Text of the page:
When Cabo meets Kalamazoo: Milwaukee bands hit the road for spring break
All the signs of spring in Milwaukee are in order: John Malan’s GLH spray-on hair is becoming less effective with each day; Kemp’s “Monkey Business” banana-flavored milk is flying off a lone Pick ‘N Save shelf; and additions to Miller Park’s video screen and hot-dog-buying capabilities finally match the subtractions from the Brewers’ starting rotation.
And, judging by the lack of parking at Mitchell Airport last week, the exodus to hot spots southward was alive and well for many partiers. These intrepid spring breakers hit up beaches where the undertow of culture has swept away Eric Nies and Red Hot Chili Peppers, and washed ashore DJ Pauly D and Chickenfoot.
But for Milwaukee’s indie, punk, and weirdo bands, spring is a time to hit the road and have a damn fun time paying their dues in exotic locations such as Canada, Kalamazoo, and the gorges of Washington state.
Jaill is following up some recent Midwest and Rust Belt touring with a break back home before their biggest show of the spring: the Sasquatch Music Festival in Washington. Band ring leader Vinnie Kircher calls the show—held in a gorge and on the same bill as Wilco and Guided By Voices—a chance to catch contact highs from the crowd and hobnob with folks from Sub Pop, who have promised to bring funnel cakes. Also, there will be Pall Malls.
“The set [list] for the show will be pretty much the same, but we’ll add in a lot more smiling and bowing on our way onto stage,” Kircher says. “It’s outdoors, so maybe we’ll smoke cigarettes during the show.”
John The Savage is bouncing around Indiana and as far east as Pittsburgh, while noise fiend Peter J. Woods is testing PAs in Iowa, Missouri, southern Ohio, and Michigan. And in a tag-team match that would make Jake “The Snake” Roberts get back on that dust, Death Dream and Drugs Dragons will combine forces for a stretch of shows.
A few more locals will spend part of their spring break slopping it up in Kalamazoo, MI, and Buffalo, NY. The Trusty Knife and Crappy Dracula will finally brings their ass-shaking oddness to those cities and elsewhere.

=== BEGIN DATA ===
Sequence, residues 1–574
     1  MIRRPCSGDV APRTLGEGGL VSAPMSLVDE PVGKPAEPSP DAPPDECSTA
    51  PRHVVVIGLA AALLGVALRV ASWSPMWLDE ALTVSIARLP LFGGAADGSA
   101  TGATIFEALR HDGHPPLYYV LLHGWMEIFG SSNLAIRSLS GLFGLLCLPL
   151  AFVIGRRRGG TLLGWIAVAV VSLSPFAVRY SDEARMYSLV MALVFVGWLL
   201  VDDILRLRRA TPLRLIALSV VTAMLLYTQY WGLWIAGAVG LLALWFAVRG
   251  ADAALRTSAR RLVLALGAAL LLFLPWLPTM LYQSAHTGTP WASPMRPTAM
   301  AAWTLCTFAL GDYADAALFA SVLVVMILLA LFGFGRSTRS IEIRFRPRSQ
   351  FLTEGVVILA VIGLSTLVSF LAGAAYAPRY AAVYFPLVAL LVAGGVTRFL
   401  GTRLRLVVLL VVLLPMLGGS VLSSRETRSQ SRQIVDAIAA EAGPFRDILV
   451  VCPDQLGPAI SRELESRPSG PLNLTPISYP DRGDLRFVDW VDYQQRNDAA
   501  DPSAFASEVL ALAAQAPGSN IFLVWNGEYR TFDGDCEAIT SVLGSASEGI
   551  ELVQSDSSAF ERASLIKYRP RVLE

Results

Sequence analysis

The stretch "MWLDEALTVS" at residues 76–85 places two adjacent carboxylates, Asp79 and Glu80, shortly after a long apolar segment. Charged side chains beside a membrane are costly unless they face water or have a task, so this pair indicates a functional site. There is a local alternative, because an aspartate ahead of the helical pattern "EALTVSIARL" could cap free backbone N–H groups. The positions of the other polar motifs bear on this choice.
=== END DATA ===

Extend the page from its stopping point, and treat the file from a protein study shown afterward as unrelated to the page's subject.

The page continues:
Playing a few Chicago shows in the upcoming weeks are rock ’n’ rollers Certain Stars. Bassist and singer Kyle Hernandez says that while playing two spring shows 90 miles south of Milwaukee might not be a geographical leap to a luxurious locale, it’s a chance, quite simply, to “show Chicago how Milwaukeeans rock.”
“We love the response we get from playing out of town,” Hernandez says. “People seem to appreciate that you care enough about your own music to get out of town and play. It’s about believing in your band and proving yourself to a new audience.”
Bridging seasons and mixing up aspirations along the way are ska punk dudes Number 9 Hard. Yes, they’re looking forward to playing Appleton and Lansing at the end of spring, but they’re “stoked” for their shows across Canada in July, where they anticipate beer and “rad people,” says member Jeremy Mitchell.
Simple pleasures for sure, and likely a big reason why, even for all of spring’s reasons to leave town for central Michigan or scenic Washington, it can’t top summer for tours. Especially if you’re stuck in town during the hot months on one of those afternoon bills playing Wisconsin’s biggest tour stop of them all. That’s right: Sovereign State Days in Winneconne.